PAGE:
Like most teens, Traci Riffle had little idea what she wanted to do with her life. But she was interested in biology and health care. On not much more than a whim, she studied medical assisting and, in the process, found a career – and her life’s calling – as a certified medical assistant (CMA).

In 1993 – at just 19 – she graduated from Guilford Technical Community College with an associate degree in medical assisting. CMAs train for three distinct areas of responsibility – administration, lab work (from collection to testing) and clinical care. Like all CMAs, Riffle was schooled in everything from front desk duties to drawing blood to assisting with patient care.

They’re “utility players,” but many CMAs choose one area of focus. “Usually, a CMA is hired into one specific area,” said Riffle, a longtime CMA who joined Novant Health Mountainview Medical in King, North Carolina, earlier this year. 

Traci Riffle mug
Traci Riffle

Originally, she was drawn to the clerical portion of a CMA’s job. But an early mentor recognized Riffle had people skills essential to patient care.

“I’ve always been a nurturer and a fixer of sorts,” Riffle said. “So, patient care really was the right path for me.” She’s done the other CMA “rotations” and said that’s one of the great things about the understaffed field: “You can change jobs within your field. If I ever wanted to go back to the clerical side or the lab side, I could.”

But patient care is her favorite part of the job. “Every day is different,” she said. “Since I work in a family practice, I see patients who are 9 days old up to 99 years old and above. I’ve been at this so long that some of the patients I knew as babies are now grown up, married and have kids of their own. You build trust over those years.”

CMAs needed now

Currently, there’s a CMA shortage – a critical problem in a field that’s expected to explode in the next decade.

“Employment of medical assistants is projected to grow 19% from 2019 to 2029, much faster than the average for all occupations,” reads a Sept. 28 report from the Bureau of Labor Statistics. “The growth of the aging baby-boom population will continue to increase demand for preventive medical services, which are often provided by physicians, (who) will hire more assistants to perform routine administrative and clinical duties.”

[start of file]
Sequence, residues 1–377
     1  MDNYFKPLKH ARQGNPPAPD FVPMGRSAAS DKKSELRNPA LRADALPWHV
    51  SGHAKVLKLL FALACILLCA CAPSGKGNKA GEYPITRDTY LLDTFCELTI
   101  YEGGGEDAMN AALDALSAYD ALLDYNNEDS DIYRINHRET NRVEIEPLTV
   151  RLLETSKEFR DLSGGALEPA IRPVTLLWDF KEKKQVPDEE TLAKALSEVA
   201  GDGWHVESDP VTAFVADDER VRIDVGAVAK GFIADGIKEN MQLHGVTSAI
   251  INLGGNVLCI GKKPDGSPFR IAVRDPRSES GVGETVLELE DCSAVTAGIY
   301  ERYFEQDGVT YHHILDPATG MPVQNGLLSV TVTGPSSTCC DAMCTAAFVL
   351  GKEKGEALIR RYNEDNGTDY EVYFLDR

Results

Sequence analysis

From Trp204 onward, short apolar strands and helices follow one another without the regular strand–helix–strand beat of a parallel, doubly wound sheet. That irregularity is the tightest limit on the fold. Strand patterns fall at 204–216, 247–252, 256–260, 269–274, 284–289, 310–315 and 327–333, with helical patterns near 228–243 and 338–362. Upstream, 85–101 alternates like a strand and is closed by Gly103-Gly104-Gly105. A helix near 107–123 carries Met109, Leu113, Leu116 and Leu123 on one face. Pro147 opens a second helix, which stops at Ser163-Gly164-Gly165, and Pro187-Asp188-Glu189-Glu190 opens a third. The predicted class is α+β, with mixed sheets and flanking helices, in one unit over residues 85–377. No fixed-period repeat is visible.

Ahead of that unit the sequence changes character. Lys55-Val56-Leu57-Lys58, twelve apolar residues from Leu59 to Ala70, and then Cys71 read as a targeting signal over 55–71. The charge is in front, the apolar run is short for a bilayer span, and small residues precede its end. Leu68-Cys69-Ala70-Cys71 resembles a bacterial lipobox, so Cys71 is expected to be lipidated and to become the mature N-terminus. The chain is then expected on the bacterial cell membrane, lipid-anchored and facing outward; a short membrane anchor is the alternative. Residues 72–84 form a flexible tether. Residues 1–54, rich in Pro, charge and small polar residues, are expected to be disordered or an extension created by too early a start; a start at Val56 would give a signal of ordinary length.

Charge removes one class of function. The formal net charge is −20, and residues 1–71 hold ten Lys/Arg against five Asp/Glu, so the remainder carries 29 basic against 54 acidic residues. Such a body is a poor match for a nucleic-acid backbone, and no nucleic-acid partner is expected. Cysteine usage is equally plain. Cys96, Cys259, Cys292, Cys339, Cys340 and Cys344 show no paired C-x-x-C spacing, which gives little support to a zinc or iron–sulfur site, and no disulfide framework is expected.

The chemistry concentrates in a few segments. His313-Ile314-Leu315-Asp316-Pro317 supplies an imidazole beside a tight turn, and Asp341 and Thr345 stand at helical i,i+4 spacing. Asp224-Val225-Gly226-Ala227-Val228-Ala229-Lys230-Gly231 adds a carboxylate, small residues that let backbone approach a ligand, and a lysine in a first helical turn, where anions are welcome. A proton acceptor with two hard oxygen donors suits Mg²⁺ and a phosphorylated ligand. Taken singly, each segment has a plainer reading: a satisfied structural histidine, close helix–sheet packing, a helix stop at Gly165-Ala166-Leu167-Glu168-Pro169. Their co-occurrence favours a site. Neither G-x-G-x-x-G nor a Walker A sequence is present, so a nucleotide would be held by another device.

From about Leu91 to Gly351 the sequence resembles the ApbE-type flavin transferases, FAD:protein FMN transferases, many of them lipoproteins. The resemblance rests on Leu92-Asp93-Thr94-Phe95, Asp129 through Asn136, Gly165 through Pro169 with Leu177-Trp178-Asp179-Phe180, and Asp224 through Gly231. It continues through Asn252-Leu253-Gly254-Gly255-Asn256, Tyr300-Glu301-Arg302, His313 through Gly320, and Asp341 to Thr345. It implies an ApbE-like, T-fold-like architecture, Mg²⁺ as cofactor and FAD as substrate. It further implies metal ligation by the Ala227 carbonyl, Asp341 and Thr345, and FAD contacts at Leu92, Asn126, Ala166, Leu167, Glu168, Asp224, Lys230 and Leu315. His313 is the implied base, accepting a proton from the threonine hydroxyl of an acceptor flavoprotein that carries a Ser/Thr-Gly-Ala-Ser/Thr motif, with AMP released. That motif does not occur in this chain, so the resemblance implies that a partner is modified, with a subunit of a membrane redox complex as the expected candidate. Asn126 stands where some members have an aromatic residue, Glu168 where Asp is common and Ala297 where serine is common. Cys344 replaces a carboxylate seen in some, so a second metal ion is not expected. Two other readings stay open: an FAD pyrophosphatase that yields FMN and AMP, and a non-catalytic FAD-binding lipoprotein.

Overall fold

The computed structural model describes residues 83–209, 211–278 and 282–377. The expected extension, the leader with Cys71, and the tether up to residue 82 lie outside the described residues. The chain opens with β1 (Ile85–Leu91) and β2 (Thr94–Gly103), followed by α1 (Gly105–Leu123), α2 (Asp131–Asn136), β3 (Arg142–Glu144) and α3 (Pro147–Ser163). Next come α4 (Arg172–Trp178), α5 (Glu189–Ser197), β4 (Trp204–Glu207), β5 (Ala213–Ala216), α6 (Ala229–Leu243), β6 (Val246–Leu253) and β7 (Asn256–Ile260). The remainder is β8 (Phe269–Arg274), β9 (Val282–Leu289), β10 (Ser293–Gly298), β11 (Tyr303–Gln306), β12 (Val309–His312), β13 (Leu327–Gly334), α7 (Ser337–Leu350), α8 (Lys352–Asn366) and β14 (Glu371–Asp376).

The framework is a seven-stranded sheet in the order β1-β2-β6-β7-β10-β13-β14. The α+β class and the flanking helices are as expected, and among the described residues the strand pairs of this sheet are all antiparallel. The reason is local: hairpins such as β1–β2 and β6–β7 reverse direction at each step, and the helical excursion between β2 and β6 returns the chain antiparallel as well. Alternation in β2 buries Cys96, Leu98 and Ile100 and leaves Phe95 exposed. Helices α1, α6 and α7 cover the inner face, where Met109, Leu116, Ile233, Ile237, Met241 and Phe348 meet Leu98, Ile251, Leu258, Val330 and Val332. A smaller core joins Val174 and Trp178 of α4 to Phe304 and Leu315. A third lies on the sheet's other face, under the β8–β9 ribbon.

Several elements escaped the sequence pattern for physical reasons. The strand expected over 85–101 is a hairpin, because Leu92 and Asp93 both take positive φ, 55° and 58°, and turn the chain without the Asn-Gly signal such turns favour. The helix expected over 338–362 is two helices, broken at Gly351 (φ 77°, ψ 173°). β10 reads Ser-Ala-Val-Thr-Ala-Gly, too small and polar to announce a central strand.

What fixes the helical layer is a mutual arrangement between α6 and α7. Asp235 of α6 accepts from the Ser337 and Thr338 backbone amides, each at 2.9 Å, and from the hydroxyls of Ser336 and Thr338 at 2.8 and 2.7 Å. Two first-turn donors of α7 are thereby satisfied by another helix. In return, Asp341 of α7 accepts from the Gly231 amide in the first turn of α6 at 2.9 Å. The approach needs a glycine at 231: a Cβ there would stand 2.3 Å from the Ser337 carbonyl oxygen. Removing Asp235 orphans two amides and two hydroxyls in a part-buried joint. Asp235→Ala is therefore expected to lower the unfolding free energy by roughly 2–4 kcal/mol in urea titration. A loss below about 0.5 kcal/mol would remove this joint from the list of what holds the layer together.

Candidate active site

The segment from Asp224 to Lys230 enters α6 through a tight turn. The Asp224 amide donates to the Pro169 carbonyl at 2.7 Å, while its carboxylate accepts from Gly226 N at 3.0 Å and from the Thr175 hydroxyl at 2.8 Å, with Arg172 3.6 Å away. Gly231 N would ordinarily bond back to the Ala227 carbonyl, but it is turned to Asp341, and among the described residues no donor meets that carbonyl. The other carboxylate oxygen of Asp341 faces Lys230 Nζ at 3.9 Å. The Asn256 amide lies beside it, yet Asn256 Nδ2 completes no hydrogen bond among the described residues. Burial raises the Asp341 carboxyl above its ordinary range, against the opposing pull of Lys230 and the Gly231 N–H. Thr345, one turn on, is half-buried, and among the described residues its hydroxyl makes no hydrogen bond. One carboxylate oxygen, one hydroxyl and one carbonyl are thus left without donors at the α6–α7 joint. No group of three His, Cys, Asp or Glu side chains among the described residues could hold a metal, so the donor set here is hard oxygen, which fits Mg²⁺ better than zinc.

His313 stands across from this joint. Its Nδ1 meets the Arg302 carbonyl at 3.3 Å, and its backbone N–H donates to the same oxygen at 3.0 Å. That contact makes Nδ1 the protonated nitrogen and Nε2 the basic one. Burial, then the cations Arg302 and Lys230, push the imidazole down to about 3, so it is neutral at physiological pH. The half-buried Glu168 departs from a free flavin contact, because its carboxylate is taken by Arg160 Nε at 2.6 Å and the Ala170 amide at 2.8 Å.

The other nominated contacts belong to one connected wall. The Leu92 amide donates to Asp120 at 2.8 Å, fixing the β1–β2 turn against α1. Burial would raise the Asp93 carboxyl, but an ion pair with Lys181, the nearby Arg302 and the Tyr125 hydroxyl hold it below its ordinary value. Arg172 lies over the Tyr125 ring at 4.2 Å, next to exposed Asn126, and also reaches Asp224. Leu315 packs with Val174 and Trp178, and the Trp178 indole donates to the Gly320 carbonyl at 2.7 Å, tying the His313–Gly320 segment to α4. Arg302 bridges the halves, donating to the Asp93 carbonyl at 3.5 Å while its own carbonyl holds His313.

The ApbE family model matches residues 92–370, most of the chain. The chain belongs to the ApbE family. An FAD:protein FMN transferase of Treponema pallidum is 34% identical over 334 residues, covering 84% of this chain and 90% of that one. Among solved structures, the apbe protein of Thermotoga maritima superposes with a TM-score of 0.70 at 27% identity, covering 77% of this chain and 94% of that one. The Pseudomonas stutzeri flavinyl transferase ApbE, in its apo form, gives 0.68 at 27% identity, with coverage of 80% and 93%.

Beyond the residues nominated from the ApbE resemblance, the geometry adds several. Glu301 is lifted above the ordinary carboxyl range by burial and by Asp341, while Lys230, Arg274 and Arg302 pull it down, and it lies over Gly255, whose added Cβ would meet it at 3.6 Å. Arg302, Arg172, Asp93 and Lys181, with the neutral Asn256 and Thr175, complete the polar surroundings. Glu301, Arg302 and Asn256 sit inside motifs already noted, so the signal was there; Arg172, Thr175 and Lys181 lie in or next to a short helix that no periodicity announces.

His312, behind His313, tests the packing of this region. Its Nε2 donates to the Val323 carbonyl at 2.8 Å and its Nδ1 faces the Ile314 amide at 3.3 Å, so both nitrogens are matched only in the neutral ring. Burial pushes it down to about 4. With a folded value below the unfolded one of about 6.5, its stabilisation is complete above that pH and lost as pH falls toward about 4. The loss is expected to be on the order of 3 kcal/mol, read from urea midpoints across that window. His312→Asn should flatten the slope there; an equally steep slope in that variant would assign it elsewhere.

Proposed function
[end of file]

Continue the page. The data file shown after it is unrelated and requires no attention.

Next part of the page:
Joyce Mounce
Joyce Mounce

Since CMAs are needed desperately, it’s a great career choice, said Joyce Mounce, senior director in the greater Winston-Salem market for Novant Health Medical Group Community Health & Wellness Institute. “The education and training certified medical assistants get provides a strong foundation to be successful in either administrative or clinical roles,” she said. “CMAs often fill cross-functional roles within clinics, given their ability to adapt to clinic needs.”

Mounce said the ideal CMA is “compassionate, organized, has excellent communication skills and listens for understanding.” Riffle said prospective CMAs should have these skills:  

• “People person”

• Multitasker

• Good time-manager  

• Organized (“I’ve been accused of being a little OCD,” she said.)

• Think two steps ahead. (“Once you’ve built a relationship with your provider, you should be able to anticipate his or her needs,” she said.)

The best CMAs can become truly indispensable to their practices. Mounce, who was Riffle’s clinic administrator for nine of her 27 years at Novant Health Maplewood Family Medicine in Winston-Salem, called her “the glue that often held Maplewood together.”

Riffle often took it upon herself to do things without anyone asking. “I did a lot of troubleshooting,” she said. “If something was broken, I made sure it was taken care of,” she said. “If it was empty, I filled it. If it was dirty, I cleaned it. Everyone around me knew I was accessible and available to help in any way I could.”

But it’s her easy way with patients that really endears her to everyone. “I like it when patients ask for me by name,” she said. “When I interact with them, I want them to feel like they’re with a friend on the back porch. That’s how I treat them.”